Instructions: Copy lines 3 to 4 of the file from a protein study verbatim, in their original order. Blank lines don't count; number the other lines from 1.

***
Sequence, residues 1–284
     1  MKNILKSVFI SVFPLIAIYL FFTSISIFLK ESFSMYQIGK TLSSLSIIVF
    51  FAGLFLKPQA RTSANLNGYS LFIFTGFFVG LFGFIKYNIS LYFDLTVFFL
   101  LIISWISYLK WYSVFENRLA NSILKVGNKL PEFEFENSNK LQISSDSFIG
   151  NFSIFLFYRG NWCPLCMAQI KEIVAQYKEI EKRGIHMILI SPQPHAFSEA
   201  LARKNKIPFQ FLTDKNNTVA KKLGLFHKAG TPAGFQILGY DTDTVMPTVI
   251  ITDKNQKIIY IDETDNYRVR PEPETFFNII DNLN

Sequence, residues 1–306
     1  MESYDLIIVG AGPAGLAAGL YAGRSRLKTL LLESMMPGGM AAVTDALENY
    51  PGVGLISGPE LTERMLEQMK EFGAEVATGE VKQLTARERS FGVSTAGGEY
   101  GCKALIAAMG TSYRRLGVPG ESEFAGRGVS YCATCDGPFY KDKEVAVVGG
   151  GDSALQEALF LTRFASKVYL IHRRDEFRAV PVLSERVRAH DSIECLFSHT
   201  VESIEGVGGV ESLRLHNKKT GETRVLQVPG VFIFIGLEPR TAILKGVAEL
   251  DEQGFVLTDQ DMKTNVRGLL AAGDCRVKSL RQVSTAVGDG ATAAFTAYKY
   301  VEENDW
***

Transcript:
    51  FAGLFLKPQA RTSANLNGYS LFIFTGFFVG LFGFIKYNIS LYFDLTVFFL
   101  LIISWISYLK WYSVFENRLA NSILKVGNKL PEFEFENSNK LQISSDSFIG